Giving up on the journey part 2

Last post touched on a desire of mine to move away from the metaphor of the spiritual life as a journey. To tear things down without offering alternatives to fill the space is not something that is ever productive and many times problematic. So an alternate metaphor to faith as going on a journey to faith as ice sculpting.

Ask a sculptor how they make a figure out of ice and they will tell you that they listen to the ice in order to understand how to work with it. The artist respects the shape and history of the ice in order to help bring out the potential it has within it. As the sculptor works with the ice, shapes take form.

The sculptor makes the ice. The ice is not the primary actor but it also not without input into the process.

There may be imperfections in the ice that result in an unintended fracture, but the sculptor works with it in order to find another way to shape the ice.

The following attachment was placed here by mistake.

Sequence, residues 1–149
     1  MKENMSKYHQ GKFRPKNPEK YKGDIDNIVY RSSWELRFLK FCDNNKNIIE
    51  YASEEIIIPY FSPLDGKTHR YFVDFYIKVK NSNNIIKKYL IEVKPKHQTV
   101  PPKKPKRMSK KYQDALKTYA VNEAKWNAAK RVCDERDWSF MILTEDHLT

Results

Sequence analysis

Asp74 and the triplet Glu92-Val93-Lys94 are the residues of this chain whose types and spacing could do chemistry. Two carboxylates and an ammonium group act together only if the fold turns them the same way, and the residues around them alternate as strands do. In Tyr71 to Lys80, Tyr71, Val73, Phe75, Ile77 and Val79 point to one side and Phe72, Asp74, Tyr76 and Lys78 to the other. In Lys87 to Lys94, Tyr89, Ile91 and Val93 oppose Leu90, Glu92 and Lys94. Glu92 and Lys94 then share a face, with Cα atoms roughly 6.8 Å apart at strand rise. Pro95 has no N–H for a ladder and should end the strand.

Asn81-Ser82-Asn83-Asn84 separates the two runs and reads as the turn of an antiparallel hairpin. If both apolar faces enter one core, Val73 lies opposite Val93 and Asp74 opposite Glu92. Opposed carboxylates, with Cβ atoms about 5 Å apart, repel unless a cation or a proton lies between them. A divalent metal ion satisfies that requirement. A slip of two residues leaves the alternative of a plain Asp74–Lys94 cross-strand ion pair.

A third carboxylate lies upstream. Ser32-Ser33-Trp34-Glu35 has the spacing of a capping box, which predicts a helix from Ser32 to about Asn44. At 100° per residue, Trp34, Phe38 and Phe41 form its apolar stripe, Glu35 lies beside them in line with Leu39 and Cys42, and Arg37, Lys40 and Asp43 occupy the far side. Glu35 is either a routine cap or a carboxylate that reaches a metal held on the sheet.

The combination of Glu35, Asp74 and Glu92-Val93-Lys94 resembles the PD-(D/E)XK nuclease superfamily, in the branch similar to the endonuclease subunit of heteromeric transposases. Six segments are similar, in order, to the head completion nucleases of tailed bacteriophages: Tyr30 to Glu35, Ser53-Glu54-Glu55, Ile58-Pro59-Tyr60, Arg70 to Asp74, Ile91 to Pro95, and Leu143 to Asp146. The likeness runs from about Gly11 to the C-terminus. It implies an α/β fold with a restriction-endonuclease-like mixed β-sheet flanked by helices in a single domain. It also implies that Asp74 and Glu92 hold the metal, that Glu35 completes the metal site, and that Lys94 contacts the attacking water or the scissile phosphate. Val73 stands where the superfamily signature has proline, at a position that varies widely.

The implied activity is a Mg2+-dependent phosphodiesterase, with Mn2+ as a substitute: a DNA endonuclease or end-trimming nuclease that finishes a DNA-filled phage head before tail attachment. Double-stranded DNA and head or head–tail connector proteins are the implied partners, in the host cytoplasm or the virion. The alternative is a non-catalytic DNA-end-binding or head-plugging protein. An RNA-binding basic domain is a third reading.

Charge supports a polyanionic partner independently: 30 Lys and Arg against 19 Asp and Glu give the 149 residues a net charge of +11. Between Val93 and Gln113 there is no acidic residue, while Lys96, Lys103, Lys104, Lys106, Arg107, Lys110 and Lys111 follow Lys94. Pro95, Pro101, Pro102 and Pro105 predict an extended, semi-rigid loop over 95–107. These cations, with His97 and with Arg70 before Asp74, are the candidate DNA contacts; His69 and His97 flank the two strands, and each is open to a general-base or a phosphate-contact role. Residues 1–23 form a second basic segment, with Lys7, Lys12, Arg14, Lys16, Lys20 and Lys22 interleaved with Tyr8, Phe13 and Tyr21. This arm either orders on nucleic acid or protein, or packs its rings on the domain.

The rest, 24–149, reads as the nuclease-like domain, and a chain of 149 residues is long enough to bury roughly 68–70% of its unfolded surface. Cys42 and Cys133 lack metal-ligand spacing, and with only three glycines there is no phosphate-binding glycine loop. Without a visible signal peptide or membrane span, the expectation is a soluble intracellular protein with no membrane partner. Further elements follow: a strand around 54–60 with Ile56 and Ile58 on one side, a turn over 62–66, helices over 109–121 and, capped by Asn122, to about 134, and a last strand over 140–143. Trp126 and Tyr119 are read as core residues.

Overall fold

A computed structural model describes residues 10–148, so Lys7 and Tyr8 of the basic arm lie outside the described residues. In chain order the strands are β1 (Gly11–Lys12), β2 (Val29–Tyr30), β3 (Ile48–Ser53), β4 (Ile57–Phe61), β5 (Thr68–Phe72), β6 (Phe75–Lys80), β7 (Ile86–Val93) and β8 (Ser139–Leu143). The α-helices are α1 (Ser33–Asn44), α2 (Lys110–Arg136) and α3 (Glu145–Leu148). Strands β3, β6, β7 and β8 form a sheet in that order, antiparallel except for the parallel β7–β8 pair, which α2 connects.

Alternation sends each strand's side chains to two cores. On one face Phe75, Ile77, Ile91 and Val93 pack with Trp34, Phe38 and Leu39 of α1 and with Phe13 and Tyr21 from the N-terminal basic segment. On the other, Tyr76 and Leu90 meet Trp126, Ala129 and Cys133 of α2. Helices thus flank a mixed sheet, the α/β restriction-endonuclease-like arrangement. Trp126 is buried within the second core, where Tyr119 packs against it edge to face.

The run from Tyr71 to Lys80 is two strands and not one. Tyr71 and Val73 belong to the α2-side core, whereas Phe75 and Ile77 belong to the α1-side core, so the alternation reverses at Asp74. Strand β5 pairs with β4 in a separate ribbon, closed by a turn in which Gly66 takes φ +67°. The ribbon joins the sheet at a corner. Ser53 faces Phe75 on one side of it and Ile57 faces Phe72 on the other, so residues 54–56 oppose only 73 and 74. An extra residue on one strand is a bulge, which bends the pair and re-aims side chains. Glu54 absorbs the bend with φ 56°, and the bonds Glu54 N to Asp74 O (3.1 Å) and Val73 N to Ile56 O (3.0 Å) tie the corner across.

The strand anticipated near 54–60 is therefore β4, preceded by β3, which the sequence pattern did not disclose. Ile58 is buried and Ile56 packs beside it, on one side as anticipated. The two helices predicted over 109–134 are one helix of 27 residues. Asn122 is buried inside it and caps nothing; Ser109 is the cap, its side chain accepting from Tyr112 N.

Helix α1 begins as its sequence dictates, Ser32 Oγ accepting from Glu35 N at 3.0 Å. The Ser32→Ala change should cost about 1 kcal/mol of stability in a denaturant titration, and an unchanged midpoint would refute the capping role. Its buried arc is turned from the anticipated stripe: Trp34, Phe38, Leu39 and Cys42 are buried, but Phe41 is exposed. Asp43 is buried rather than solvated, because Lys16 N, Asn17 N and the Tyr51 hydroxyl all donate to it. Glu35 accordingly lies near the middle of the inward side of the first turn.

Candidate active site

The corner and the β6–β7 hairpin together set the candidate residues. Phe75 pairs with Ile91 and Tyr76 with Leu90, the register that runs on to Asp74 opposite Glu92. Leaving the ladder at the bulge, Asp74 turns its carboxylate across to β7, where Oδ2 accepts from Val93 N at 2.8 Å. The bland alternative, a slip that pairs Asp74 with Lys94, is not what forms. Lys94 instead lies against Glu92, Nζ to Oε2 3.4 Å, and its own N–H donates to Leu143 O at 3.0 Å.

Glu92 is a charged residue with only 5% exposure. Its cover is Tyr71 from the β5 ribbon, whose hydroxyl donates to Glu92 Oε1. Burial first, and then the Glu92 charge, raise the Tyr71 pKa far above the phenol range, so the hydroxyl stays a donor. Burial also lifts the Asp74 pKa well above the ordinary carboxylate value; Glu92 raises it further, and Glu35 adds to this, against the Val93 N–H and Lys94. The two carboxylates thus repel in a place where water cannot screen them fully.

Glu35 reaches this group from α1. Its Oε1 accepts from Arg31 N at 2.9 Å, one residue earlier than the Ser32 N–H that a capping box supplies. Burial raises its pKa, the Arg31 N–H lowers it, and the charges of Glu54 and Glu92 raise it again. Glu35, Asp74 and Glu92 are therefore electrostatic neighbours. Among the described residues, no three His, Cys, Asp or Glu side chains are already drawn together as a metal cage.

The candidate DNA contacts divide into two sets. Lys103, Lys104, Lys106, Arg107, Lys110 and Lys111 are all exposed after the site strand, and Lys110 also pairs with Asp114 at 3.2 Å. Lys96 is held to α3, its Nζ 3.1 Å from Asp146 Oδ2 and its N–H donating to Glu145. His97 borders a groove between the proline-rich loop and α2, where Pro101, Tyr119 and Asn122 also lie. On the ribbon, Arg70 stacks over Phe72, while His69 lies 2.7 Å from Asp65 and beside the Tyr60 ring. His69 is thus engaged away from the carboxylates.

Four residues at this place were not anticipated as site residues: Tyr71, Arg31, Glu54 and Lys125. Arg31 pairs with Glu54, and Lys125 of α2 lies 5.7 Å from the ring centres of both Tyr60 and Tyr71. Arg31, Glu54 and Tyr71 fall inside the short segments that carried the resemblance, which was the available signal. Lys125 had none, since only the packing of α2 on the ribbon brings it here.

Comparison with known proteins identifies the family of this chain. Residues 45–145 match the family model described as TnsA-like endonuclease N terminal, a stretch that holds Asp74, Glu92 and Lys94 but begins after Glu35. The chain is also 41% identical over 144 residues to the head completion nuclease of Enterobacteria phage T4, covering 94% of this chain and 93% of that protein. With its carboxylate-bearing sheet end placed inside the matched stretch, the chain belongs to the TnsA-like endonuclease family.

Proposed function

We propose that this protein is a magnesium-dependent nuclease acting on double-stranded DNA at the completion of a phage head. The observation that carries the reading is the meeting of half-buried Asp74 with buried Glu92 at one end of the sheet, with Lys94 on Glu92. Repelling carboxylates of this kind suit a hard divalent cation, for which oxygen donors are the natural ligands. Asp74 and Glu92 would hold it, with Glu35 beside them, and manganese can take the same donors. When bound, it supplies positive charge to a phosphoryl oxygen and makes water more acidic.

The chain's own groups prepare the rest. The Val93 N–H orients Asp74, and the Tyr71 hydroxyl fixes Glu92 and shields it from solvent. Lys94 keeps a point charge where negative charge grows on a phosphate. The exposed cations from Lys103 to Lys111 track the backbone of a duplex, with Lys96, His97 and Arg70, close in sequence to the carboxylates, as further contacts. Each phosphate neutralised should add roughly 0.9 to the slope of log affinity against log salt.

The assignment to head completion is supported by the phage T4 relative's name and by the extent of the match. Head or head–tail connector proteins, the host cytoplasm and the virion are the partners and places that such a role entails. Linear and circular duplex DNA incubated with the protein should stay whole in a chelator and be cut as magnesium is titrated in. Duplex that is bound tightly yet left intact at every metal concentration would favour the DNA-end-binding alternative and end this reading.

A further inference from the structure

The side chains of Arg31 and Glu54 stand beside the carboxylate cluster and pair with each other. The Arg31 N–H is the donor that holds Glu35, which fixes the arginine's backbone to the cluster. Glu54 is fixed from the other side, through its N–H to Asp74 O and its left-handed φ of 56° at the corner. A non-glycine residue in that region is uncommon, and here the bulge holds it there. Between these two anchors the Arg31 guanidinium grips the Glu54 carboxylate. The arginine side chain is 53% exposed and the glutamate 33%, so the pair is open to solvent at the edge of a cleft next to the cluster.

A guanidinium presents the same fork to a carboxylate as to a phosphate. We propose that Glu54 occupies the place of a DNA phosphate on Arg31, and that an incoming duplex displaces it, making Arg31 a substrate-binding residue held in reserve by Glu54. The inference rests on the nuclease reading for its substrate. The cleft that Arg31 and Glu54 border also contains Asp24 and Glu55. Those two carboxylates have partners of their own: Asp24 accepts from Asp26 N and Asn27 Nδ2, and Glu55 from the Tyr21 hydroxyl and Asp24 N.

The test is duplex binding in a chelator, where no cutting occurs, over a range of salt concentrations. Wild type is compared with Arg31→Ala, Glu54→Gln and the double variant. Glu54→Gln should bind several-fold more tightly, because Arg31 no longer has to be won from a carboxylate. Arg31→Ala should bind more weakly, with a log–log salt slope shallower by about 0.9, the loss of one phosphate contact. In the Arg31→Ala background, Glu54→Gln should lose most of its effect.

The ice is beautiful.

The ice is a paradox. It is hard yet also liquid. It is solid and temporary. It will melt in a blink of an eye. The sculptor lives on after ice melts.

While ice can be shaped it requires a bit of work on the part of the sculptor. And once the ice takes its form it resists changing. But it is not impossible.

And once melted, the sculptor can collect the water and use it again to create a new block with a new shape.

Although not perfect, the metaphor of faith as ice sculpting allows us to explore new ways to talk about faith and what it means to individuals and communities. We can pick it apart, as I have with the metaphor of journey, and find where it breaks down. But the beauty of this metaphor is that it is uncommon enough for everyone to know it is a metaphor and we can treat it as such.